VCOSS MEDIA RELEASE
The 2018 Victorian Budget presents a pathway to a better and fairer Victoria, the Victorian Council of Social Service said.
The budget has a significant focus on education, getting young people ‘job ready’ and helping people retrain for new and emerging professions.
“Growing our state means growing opportunity for our children, through stronger schools, better job pathways and genuine employment opportunities,” VCOSS CEO Emma King said.
“This budget does that.”
Ms King said VCOSS had been advocating for fee waivers to help train Victorians ahead of rapid jobs growth in the social care sector.
“What we got was a whole lot more,” Ms King said, referring to;
- A promise of free TAFE training for Victorians in 30 ‘priority courses’ (including community services, disability, mental health, personal care and ageing),
- A new Head Start program so teenagers can complete an apprenticeship or traineeship while finishing high school,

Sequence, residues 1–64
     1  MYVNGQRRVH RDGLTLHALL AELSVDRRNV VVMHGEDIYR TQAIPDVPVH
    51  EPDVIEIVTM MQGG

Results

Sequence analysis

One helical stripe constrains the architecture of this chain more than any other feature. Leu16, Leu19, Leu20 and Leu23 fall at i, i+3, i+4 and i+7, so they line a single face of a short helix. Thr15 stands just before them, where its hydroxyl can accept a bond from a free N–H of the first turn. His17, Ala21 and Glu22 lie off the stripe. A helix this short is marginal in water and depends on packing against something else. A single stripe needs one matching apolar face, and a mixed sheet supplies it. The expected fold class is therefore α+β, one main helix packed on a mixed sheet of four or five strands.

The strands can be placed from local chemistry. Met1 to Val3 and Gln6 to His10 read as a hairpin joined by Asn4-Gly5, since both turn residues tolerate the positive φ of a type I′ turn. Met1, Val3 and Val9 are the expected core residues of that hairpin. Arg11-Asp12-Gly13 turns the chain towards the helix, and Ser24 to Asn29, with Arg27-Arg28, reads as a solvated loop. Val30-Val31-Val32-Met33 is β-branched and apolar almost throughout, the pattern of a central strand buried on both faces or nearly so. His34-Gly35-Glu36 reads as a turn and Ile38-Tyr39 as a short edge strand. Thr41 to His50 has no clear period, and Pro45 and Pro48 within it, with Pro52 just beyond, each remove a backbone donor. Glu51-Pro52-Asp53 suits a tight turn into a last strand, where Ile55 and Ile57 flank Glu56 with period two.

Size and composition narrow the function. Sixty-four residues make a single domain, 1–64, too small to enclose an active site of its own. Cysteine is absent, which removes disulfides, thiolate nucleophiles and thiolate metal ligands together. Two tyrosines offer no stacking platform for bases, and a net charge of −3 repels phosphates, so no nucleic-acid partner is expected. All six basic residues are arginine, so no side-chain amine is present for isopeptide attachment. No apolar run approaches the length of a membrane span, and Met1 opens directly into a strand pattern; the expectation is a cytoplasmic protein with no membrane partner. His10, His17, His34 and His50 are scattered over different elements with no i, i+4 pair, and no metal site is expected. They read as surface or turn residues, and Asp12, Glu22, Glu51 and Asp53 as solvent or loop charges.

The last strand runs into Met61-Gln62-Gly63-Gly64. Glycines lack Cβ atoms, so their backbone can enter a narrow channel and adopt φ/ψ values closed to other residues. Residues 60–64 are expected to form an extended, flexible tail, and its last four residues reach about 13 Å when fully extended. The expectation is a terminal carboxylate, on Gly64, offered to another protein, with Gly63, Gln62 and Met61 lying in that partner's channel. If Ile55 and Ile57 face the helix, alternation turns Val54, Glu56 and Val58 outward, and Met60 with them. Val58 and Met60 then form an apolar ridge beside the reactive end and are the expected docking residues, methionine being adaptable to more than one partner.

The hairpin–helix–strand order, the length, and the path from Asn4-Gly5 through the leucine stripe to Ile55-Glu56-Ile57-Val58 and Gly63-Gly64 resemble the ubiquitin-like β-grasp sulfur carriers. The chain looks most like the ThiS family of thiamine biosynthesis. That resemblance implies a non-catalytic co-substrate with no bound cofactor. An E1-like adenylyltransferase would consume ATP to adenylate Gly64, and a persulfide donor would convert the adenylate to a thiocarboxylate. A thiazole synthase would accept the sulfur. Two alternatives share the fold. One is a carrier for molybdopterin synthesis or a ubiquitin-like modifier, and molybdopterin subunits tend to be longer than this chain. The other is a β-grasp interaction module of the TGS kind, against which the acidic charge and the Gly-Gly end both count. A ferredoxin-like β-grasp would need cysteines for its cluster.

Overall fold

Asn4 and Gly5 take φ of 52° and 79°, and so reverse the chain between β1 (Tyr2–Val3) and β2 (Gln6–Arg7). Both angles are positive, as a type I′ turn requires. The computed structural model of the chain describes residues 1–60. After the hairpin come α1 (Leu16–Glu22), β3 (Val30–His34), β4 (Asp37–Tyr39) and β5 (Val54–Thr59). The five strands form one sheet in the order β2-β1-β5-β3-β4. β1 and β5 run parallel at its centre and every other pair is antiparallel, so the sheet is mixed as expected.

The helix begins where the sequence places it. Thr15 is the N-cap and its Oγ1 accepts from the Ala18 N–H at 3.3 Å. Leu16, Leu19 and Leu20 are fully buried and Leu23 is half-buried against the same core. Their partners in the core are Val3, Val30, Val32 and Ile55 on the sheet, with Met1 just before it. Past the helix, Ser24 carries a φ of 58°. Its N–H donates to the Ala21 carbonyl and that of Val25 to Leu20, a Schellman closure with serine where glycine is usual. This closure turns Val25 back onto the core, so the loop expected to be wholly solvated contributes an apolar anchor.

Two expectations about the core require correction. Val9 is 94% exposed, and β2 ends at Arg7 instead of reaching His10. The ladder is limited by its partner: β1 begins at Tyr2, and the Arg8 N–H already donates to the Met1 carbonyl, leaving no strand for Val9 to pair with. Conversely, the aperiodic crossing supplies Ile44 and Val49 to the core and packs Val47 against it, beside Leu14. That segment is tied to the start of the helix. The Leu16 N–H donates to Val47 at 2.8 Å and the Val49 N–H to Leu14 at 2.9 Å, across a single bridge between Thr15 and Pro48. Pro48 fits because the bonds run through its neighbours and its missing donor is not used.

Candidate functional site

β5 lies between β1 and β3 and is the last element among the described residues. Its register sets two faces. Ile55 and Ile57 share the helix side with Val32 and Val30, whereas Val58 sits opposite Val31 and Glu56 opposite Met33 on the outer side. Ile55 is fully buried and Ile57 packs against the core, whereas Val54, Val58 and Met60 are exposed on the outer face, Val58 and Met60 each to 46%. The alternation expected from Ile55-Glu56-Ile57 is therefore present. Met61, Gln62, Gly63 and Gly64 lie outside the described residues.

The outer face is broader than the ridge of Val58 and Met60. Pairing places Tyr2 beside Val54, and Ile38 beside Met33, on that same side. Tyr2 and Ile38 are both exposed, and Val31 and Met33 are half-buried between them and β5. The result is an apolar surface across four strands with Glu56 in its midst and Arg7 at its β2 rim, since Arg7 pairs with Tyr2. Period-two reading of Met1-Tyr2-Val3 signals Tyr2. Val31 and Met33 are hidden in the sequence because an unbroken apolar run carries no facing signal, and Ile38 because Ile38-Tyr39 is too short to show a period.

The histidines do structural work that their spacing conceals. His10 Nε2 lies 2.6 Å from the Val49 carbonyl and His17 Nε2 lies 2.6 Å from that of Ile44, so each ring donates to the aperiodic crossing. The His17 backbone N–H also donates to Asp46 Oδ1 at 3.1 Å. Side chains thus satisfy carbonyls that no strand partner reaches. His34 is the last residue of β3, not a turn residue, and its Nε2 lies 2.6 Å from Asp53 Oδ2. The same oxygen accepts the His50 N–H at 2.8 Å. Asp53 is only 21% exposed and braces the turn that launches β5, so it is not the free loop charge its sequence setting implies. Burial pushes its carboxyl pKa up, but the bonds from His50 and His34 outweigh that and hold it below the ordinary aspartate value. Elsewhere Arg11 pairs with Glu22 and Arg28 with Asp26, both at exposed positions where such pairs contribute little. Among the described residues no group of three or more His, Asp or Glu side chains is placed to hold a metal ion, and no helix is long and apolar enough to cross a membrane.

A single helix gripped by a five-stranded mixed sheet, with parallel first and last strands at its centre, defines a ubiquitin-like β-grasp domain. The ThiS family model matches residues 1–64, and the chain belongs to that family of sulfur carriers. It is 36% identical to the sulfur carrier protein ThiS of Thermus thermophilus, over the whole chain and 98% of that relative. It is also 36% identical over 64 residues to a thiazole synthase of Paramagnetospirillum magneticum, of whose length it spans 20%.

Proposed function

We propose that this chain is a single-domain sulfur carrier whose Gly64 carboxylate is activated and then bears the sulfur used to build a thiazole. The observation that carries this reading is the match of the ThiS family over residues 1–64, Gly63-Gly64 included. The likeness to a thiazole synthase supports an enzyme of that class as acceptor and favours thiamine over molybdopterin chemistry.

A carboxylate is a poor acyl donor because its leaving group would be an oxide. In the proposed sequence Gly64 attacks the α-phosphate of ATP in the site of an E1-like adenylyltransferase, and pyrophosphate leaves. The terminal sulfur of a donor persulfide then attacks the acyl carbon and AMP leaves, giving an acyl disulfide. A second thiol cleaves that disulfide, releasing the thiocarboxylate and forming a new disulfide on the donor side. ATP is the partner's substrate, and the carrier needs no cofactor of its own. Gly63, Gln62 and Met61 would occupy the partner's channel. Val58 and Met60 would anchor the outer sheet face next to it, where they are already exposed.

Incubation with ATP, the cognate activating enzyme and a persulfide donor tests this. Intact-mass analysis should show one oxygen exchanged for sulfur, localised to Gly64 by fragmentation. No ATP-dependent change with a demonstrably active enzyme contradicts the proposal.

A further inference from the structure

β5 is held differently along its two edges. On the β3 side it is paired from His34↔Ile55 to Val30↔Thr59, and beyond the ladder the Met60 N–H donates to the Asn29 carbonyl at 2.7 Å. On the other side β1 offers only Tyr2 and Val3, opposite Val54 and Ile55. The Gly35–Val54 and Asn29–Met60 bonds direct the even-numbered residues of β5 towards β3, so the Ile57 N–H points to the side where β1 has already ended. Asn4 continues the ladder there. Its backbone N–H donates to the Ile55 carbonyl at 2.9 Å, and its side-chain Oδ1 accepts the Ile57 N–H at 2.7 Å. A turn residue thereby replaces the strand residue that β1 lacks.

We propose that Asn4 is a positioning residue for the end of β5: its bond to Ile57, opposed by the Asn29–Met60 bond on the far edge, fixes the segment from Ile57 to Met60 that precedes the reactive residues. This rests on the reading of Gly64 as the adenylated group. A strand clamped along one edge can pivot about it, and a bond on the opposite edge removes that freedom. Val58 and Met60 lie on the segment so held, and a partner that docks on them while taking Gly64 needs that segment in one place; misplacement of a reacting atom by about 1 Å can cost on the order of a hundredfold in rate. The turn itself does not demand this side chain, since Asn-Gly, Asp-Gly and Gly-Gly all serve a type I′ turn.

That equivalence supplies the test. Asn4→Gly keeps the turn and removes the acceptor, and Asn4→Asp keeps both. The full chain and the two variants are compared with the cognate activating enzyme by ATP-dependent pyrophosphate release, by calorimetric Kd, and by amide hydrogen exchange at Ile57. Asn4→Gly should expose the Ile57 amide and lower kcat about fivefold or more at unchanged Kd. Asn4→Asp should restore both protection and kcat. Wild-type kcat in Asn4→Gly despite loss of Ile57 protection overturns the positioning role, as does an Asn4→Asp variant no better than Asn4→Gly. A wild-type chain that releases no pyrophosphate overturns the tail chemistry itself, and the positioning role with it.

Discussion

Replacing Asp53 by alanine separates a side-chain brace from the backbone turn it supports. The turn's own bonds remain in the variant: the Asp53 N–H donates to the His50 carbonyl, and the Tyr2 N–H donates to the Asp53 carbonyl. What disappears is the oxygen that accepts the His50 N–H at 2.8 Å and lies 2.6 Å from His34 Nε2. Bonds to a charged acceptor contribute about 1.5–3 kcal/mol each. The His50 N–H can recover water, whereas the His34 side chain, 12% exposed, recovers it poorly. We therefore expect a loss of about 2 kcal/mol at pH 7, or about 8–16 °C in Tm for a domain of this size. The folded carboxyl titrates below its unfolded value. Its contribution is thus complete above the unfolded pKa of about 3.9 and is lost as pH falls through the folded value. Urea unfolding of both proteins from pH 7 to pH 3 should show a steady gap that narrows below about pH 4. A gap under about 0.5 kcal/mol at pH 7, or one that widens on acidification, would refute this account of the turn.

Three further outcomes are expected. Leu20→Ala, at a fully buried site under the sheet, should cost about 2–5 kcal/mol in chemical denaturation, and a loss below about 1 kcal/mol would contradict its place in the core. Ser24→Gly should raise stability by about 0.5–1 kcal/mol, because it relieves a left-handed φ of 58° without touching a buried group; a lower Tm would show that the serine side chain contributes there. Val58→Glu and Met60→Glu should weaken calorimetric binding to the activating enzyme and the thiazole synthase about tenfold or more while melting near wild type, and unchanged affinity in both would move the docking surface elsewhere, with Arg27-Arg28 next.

- An extension of the Navigator and Lookout program to keep kids engaged in education, and
- More careers counsellors in government schools to advise on job opportunities
“These measures will keep kids engaged in education and help propel them into real jobs.”
“They will also help build the high-quality workforce needed to support and empower Victorians in need.”
Other positive initiatives in today’s budget include:
- Extra funding for Neighbourhood Houses, to build community resilience and combat social isolation,
- Investment in engaging with Aboriginal communities and pursuing self-determination,
- A funding boost for clinical mental health and drug & alcohol services,
- Targeted relief for people facing acute energy hardship,
- New support for people who have been unemployed for a significant period of time,
- More support for kids in state care until their 21st birthday (extending a trial program in Gippsland and Melbourne’s south-east), and
- Additional money to prevent family violence, support gender equality and implement the recommendations from the Family Violence Royal Commission.
Ms King said the budget comes six months before the state election, and VCOSS would expect further social policy announcements in the months ahead.
“We’ll be looking for more detail on the government’s plans to cut the cost of living for all Victorians, including making housing and essential services more affordable.”
“VCOSS will continue to push for new funding and initiatives to ensure every Victorian can lead a good life,” she said.